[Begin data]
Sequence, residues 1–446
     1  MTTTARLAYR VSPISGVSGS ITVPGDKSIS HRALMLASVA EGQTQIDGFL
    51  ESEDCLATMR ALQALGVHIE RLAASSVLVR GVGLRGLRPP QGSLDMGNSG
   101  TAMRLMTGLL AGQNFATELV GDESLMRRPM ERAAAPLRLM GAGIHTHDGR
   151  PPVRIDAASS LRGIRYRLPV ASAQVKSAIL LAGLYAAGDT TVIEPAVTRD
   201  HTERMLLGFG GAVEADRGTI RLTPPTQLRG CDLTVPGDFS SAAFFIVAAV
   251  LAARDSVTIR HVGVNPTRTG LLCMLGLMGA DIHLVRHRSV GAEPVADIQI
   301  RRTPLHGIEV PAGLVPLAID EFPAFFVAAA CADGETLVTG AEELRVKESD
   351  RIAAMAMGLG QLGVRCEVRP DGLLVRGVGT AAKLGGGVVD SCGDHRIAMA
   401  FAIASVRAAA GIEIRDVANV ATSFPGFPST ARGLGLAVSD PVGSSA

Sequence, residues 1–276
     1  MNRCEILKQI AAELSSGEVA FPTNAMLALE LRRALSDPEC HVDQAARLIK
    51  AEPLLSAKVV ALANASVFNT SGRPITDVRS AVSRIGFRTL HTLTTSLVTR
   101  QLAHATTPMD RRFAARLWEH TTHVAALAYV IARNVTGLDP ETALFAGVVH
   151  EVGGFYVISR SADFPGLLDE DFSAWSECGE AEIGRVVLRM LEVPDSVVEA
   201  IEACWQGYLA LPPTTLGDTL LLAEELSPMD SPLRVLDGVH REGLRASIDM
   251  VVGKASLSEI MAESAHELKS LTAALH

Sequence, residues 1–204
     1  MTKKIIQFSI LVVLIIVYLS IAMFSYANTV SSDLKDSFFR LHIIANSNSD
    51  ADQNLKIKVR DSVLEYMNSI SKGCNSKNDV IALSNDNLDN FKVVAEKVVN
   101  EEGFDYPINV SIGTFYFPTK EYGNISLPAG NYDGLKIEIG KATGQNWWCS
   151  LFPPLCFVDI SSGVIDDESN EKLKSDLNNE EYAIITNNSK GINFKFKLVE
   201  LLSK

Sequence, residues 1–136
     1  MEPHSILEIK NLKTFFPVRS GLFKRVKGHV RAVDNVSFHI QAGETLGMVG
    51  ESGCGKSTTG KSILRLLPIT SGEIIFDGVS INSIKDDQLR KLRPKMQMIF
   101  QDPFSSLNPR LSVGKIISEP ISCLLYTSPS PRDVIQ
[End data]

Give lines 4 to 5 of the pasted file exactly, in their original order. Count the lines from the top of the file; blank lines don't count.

   101  TAMRLMTGLL AGQNFATELV GDESLMRRPM ERAAAPLRLM GAGIHTHDGR
   151  PPVRIDAASS LRGIRYRLPV ASAQVKSAIL LAGLYAAGDT TVIEPAVTRD